Thursday, October 17, 2013

A Year In The Writing Life

One year ago today, I got laid off, something I hadn't planned to do for myself until 2015, and probably should have done earlier. 

And though I have technically been a full time writer for all this time, it hasn't been the year I expected. (Which in itself is to be expected.)

Sunday, it happens, my Blogiversary.  Four years of blogging, 1160+ posts.  So on Sunday, I'll give you more about the future.  Today, I think I'll take a quick look at the past year.

*Dealing with the paperwork of losing insurance, shifting expenses around, considering filing for Unemployment, etc. can take months.  The mental adjustment is distracting.  There are many problems to be solved, and you use the same part of your brain to solve problems as write stories.

*As soon as you have more "free" time, other people's lives will expand to fill your life.  And it's not people who are trying to take advantage of you (those are easy to shut down).  It's just that, when anybody in your circle - even mere acquaintances - has a real life-threatening emergency, they will call everyone they know... and you are the one who's home.  And next time they call you first.  (Because there will be a next time.  All major emergencies are ongoing.)

*A small glimpse into the mess other people make of their lives will send you back to step one -- to make sure that you really have dealt with all the back up plans and processes and emergency procedures in your life.  Furthermore, the high-stress fallout from other people's crises can be intense.


So that was more than half the year gone before I even got started.  By that time my career was in a "dead stick" situation.  All propulsion gone.  And it was my very worst time of year; summer.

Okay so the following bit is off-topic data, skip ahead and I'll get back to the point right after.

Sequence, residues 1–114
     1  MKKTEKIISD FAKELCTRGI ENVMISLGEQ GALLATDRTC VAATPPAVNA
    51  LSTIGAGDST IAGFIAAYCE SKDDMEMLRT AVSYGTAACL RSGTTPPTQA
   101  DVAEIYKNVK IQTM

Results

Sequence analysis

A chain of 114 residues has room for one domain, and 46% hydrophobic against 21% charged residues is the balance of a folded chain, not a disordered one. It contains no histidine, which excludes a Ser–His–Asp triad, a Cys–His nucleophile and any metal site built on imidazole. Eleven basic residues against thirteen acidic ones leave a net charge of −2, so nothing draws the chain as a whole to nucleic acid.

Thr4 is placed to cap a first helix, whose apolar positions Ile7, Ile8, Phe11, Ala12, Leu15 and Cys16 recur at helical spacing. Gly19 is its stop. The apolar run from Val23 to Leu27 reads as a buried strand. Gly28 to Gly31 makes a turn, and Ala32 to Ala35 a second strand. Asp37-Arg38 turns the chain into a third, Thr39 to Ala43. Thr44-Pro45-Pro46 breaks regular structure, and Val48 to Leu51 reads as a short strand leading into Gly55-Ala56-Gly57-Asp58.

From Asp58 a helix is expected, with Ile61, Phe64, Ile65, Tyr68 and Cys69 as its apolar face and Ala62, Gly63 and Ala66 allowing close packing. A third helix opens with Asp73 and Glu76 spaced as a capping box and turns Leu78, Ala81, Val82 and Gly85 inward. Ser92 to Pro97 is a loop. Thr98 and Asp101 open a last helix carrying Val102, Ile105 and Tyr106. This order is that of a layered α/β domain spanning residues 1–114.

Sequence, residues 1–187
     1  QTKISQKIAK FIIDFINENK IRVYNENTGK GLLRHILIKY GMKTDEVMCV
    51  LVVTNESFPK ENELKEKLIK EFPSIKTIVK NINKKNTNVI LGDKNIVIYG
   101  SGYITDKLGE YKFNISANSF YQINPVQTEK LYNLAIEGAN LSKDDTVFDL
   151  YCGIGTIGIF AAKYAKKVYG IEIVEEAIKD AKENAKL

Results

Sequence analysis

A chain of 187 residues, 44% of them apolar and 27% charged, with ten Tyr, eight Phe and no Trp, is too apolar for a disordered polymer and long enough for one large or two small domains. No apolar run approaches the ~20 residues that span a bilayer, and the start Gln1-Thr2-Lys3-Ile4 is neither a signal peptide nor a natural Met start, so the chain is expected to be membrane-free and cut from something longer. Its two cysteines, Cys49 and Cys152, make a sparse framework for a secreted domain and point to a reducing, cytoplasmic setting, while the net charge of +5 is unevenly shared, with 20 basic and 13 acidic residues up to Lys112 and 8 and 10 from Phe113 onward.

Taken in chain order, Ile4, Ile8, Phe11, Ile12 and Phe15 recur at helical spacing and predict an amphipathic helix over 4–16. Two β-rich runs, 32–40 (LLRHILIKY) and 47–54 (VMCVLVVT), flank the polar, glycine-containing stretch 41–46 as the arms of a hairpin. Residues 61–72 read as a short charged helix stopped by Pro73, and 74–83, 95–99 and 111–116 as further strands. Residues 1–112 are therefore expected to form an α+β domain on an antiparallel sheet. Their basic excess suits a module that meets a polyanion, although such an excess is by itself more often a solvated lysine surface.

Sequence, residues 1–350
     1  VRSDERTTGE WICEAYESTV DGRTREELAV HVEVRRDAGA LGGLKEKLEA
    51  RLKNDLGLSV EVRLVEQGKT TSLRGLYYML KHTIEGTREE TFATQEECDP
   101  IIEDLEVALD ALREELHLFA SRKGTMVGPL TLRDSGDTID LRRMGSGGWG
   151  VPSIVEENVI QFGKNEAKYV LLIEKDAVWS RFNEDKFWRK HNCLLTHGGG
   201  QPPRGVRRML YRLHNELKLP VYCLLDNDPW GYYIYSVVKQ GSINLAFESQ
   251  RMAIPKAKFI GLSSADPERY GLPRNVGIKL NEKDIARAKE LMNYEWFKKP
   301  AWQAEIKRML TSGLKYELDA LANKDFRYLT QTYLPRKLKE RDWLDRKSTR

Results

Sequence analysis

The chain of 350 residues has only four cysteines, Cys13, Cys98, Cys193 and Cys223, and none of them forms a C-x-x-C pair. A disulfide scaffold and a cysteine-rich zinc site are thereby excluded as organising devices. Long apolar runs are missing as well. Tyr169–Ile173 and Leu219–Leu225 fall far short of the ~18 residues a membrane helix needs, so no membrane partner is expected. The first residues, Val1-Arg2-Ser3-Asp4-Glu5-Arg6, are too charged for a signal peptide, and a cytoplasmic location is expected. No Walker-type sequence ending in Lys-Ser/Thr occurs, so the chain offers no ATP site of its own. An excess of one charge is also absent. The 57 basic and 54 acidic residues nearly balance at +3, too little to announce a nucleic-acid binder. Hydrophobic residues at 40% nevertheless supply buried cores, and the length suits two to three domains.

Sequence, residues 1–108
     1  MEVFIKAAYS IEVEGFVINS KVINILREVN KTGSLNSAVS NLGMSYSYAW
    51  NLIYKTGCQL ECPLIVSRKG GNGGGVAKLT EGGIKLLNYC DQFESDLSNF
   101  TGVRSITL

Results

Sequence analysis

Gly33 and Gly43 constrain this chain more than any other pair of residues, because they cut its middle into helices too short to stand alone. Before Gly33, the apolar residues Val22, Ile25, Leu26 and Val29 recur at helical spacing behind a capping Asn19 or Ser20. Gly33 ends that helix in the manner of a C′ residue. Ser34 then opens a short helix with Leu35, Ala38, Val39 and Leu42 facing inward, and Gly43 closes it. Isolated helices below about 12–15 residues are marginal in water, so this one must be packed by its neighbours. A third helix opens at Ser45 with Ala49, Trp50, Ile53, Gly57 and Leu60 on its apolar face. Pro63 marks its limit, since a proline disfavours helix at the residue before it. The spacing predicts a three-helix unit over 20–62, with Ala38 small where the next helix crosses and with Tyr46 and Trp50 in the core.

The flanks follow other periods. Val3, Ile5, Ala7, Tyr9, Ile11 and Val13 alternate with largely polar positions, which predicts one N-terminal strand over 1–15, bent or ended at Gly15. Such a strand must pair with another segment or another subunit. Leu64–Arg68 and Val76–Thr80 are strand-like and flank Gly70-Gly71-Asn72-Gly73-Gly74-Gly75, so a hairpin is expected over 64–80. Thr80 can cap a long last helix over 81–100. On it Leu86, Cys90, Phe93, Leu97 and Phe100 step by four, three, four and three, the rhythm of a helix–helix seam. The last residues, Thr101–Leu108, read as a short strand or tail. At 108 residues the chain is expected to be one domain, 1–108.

You can see that situation progress in my blogging schedule:  The blog was going full steam last fall, and then coasting on reserves for a while, and then sputtering with a few ups and downs, and then it became a non-blog for a while.  Minimum life-support stuff.

I'm prone to forget that's where I was this summer.

Sometimes I also forget that I decided then to take advantage of the complete loss of momentum; instead of blindly trying to restart what I had, I would take the opportunity to start over.  To explore options, find out what I want to do differently.

And I don't expect that phase to be over until the end of this year (the end of the actual year in December, not just the end of the first year of freedom).

That's part of the problem with the instancy of the internet.  It reduces us to the mental state of dogs, who see time as "now" and "never."  Maybe a wise dog grasps the concept of "later" briefly, but usually they're only thinking of "immediately after now."

(This mindset is enhanced by spending time on internet forums filled with newbies who have no sense of time or the concept of large-arc business cycles.)

So back to work.  On Sunday, my fourth Blogiversary, I'll talk about some of the interesting new directions I'm considering.  Before that, though, we'll have Friday's Plot Game post, where two of these new directions will cross over. I talk about looking at plot structure in terms of Character Structure instead of timeline.

See you in the funny papers.

4 comments:

liebjabberings said...

"you use the same part of your brain to solve problems as write stories."

and

"other people's lives will expand to fill your life."

You've summed up MY life just fine. Add CFS to that, and the fact that I only have a couple of hours of time in which the brain actually works, and progress is glacial.

But I manage to write IF I'm not standing in my own way because there's something MISSING from a scene. That's the thing that stops me from just doing the next little bit. When I find it, extract it, and beat some sense into it, the work goes forward.

Eventually.

Thanks for the insights!

Congratulations on your anniversary (from a blogging newbie - only 1 year).

Alicia

The Daring Novelist said...

I think most people underestimate how much circumstances can lay you low.

Elizabeth Spann Craig/Riley Adams said...

I think you've definitely made lemonade out of the lemons you were dealt. And I know exactly what you mean about being The One Who Stays at Home. I could fill every minute of every hour with volunteering for the schools, helping neighbors who know I'm home, and friends who'd like coffee with me...

The Daring Novelist said...

Thanks, Elizabeth.

Yes, it's worse when you have kids, because you're involved in their social life as well.